Troubleshooting Advanced Systems

This article was written by Senior Refrigeration Tech Jeremy Smith. Before we get to it, I want to remind you that ALL of the tech tips are available in chronological order HERE, and you can sort through them alphabetically by selecting the letters and numbers above the tips. It's a great link to share with other techs, HVAC business owners, trade school students, etc. You can feel free to share these anywhere.

All right, maybe “advanced” isn't the right thing to call this little tidbit. Maybe it should be “troubleshooting and information sharing in the digital age.”

Microprocessor controls, PCBs, PLCs… call them what you will. Regardless of the name you choose for them, electronic circuit boards have become an integral part of the HVAC/R world. From a small heat pump defrost board to an advanced building automation system, these little pieces of equipment seem to be the bane of a tech's existence.

One very important thing to remember when working on a system with one of these items installed is that each one has a specific troubleshooting procedure and its own sequence of operations.

So, how is a tech supposed to remember all of this stuff?

Pro Tip.

You DON'T.

The chances are good that you're reading this on a smartphone or a tablet. With that and a couple of free apps, you can build a library of tech manuals, reference documents, and other information to allow you to be better at diagnosing problems on specific equipment.


So, how do we build this? Well, you can go old-school and print out all of the manuals and store them in your service truck, or we can keep up with the times and go HVAC/R School and put it in “The Cloud.”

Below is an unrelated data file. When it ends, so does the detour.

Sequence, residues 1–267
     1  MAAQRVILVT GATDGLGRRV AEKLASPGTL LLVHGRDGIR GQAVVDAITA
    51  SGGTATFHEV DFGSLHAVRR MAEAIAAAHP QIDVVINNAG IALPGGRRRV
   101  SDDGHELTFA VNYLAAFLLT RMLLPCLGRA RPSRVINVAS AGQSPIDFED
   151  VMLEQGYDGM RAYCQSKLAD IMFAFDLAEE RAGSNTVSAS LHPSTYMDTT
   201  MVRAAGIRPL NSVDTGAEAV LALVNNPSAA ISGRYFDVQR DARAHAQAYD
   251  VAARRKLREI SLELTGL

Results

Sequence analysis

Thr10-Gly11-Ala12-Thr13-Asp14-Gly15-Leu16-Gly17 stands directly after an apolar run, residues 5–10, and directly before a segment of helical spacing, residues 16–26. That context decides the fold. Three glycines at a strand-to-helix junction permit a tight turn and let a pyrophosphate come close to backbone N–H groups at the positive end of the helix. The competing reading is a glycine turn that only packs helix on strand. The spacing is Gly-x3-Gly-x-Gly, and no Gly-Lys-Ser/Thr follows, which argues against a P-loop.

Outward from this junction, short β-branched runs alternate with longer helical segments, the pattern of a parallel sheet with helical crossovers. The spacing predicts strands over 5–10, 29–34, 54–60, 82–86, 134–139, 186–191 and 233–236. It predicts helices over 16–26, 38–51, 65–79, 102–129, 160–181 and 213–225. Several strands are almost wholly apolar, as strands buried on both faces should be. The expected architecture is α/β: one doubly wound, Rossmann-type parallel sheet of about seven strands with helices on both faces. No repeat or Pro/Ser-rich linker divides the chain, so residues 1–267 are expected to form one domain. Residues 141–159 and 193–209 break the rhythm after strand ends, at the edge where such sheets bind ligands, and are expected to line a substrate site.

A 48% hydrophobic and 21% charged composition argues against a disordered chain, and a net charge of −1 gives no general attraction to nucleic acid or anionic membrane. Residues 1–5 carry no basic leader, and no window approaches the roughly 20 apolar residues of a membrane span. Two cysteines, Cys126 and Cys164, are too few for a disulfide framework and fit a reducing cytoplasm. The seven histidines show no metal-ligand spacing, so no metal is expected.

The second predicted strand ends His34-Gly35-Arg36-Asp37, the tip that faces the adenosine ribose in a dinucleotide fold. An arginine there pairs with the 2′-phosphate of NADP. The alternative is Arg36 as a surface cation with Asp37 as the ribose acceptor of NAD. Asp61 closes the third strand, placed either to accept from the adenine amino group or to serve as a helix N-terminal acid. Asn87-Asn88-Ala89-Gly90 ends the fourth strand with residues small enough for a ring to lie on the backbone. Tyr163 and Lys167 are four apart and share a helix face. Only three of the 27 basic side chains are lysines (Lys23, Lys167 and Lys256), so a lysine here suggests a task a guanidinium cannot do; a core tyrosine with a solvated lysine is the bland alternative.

Everybody has a Gmail account. Maybe it's your primary email, or maybe it's the one you give people that you don't really like so you never hear from them again. Well, with every Gmail account comes 15GB of free online storage through an app called Google Drive. Grab the Google Drive app from the app store or play store. If your Gmail is logged in to that phone, the Drive app is already logged in to access your cloud storage. Now, start to “build” your reference library by uploading those PDF files to the drive.

Sometimes, this is easier to do on a PC, but you can do it from a phone or tablet as well. It's just a bit more tedious, at least for me. Then, the next time you’re at a job and have to find a manual for a piece of equipment you're working on, save it to your Google Drive, too. Before long, you'll have a very nice library to draw from.

If you're feeling particularly generous, you can share that information with co-workers and other techs within Google Drive. You can either allow them to contribute to the library or just view it.

Do you know what's better than having a good memory? Having good resources. Oh, and reading. You pretty much can't be a good tech nowadays if you never read.





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